Gensun rises despite cloudy conditions
Chris Gigley -- Casual Living, July 1, 2008
Gensun Casual Living is defying the U.S. economy. As rising fuel costs pinch the industry, its business continues to grow.
“Our sales are up this year compared to last year,” executive vice president Jan Trinkley said. “But I think we're weathering the storm differently than most. Because we're new and bringing a lot of new dealers on board, we're growing while other companies are struggling to maintain.”
Gensun launched in 2003, designing and manufacturing furniture and accessories for the patio, deck, porch, pool and other outdoor areas around the home. It began by serving independent specialty stores exclusively and still does. Trinkley said that's another reason why the company is doing well in challenging conditions. Many of its dealers invest in merchandising to romance the product.
“You have some retailers out there who I consider are doing the right thing,” Trinkley said. “They have an attractive storefront. They have an attractive store inside. They accessorize well. They make the product look good, like in an upscale furniture store. I think those dealers are doing the best in the marketplace. They're also doing the best financially.”
Those who aren't, Trinkley said, have tried to compete with the big box stores.
“If you look at the dealer attrition and who has gone out of business in the past few years, it's been a lot of big dealers that have been able to buy large quantities at the best price,” Trinkley said. “Why are they not here? They were able to buy the best price, so what didn't work? It seems simple to me. They sold price, and that's not where it's at. The mass merchant sells price, and you can't turn the door enough times to compete with them.”
To that end, Gensun is doing all it can to support the dealers going in the other direction. It continues to broaden its product line to give them as much choice as possible. Its furniture is available in 10 finishes and retailers can choose from more than 200 fabrics from its domestic cushion supplier.
“The fabric companies have come out with some beautiful fabrics in the last couple of years,” Trinkley said. “They've really stepped up the design and color, so we have a great collection to choose from.”
Gensun is debuting three new collections this year: the Tahiti Collection, a line of bamboo casual furniture; Seville, which features a more contemporary look; and the Safari Collection, a designer line that incorporates the look of leopard skin.
With its suggested retail prices in the $1,300 to $1,500 range, these new lines are aiming squarely at a discerning high-end consumer who has money to burn despite the economy. It's no accident these target consumers don't tend to shop the mass merchants.
“We can't compete with the mass merchants,” Trinkley said. “Their prices and looks have gone up, so we need to take the next step. What really brings the customer in the door is the product that looks the best.”
Retailers are initially drawn to the Gensun line by the looks of the product, but they tend to stick with the company because the line can't be found in the mass merchant channel.
“The fact they don't sell to mass merchants is a huge bonus for us,” said Karen Galindo, vice president of Greenhouse Mall in Texas. “At that price level, a lot of vendors do. But Gensun is truly a specialty furniture provider and they know who their customers are.”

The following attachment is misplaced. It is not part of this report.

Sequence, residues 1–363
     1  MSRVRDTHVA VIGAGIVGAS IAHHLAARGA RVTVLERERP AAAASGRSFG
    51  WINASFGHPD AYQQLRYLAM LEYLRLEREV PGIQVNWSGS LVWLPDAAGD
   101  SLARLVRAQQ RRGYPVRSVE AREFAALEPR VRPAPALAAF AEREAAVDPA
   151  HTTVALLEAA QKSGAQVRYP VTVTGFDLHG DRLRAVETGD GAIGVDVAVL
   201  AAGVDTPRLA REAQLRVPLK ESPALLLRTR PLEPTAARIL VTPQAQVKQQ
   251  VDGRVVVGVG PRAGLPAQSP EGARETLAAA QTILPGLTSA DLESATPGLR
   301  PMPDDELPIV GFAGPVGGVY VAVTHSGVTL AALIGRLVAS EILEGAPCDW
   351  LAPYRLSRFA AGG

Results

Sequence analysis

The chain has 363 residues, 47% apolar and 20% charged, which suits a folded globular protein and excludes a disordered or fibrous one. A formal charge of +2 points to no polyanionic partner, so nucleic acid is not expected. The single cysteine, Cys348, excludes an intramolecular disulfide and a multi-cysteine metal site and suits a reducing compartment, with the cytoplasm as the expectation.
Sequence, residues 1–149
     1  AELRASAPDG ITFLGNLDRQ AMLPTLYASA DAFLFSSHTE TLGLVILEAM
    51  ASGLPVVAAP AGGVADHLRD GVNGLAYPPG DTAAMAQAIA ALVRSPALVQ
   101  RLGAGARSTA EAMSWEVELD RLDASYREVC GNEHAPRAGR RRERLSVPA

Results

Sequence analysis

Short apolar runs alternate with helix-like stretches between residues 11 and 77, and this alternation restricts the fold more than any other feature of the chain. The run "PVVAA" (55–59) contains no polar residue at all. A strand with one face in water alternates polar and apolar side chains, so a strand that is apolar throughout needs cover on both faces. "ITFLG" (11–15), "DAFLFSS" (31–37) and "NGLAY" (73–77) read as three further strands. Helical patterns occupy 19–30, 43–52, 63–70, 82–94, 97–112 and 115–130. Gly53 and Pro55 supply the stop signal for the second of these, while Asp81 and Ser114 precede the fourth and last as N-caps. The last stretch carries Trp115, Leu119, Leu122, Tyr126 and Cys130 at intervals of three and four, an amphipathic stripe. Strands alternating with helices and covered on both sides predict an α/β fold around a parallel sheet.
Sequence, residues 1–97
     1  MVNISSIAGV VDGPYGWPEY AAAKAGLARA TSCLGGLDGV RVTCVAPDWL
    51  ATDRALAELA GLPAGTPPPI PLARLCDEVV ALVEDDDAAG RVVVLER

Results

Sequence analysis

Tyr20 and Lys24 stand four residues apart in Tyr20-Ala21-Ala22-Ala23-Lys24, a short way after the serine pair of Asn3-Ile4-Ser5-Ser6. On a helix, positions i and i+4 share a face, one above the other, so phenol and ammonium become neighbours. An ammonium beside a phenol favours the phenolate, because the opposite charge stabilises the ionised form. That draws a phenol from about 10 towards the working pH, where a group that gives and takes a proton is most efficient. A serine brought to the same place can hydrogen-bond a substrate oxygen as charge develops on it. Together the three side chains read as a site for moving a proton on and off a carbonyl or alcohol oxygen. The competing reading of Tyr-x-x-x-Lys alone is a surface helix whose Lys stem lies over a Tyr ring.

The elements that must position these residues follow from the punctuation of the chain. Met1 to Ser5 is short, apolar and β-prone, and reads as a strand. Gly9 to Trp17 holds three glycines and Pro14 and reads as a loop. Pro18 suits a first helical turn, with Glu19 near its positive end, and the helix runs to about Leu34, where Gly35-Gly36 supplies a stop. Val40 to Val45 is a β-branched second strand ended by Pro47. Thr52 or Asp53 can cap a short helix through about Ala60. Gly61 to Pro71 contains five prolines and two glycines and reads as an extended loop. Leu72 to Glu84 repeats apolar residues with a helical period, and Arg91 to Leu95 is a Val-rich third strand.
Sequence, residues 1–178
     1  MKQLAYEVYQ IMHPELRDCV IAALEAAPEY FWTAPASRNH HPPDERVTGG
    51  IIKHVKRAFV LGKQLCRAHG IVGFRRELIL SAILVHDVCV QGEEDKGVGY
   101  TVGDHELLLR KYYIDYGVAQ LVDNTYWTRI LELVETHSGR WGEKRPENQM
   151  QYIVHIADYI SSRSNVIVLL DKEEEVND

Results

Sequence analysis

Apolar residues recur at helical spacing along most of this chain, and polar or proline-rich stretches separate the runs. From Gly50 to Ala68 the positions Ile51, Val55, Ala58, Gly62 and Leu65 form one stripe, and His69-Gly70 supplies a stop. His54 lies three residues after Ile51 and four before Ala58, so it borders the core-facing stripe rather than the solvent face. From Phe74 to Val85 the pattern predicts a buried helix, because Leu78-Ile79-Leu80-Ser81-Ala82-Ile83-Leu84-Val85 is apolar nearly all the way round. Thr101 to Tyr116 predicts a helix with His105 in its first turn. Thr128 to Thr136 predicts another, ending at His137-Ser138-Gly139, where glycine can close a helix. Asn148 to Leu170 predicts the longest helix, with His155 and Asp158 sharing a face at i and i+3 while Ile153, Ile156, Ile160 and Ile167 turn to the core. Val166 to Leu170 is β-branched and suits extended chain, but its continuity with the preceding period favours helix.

Carl Vice of Casual Living and Patio Center in Lexington, Ky., agreed and said he also appreciates how responsive the company's service is.
“The other day we had a nice, big order of products and needed four love seats,” Vice said. “I contacted them, and 'bam' — they had four on hand. We were able to buy them out of the warehouse and have them shipped cross country for that customer. Gensun is very good at logistics.”
Gensun is taking its service to an even higher level with a new program that gives retailers more financial flexibility.
“The mass merchant doesn't really offer choice when it comes to frame finishes and fabrics,” said Trinkley. “The independent dealer can, and that differentiates them. We're looking to help support them when they do that so they don't have to consider buying a lot of inventory early.”
The new program allows dealers to schedule containers of product from Gensun's factory in Tianjin, China, and have that product delivered to their store throughout the year. If they contact the company six to eight weeks before the container ships, they can change the mix in their order.
Because that's a long lead time for seasonal product, the company also stocks all its top sellers in its domestic warehouse just in case.
“We will either work with [retailers] to schedule product, or to have product in the warehouse they can pull and ship at any time,” Trinkley said. “They won't have to have large inventories. If they want to put a couple of sets in the warehouse to back up what they have in their stores, that'll probably be a good idea.”
Gensun is basically sharing more of the risk with its dealers.
“We can't be their complete warehouse, but we can be a big partner to them and be part of their warehouse,” Trinkley said.
Clearly, just being new isn't the only thing keeping Gensun growing. The company also is making plenty of moves to strengthen its ties with its expanding list of customers.
Its growth is visible. Gensun recently moved into spacious new headquarters in Ontario, Calif. And either late this year or early 2009, it will move into a new factory in Tianjin.
“The new factory will be about 500,000 square feet and will be capable of supporting our growth for a number of years,” Trinkley said.
Given how quickly Gensun grew in its first five years, that may not take as long as Trinkley thinks.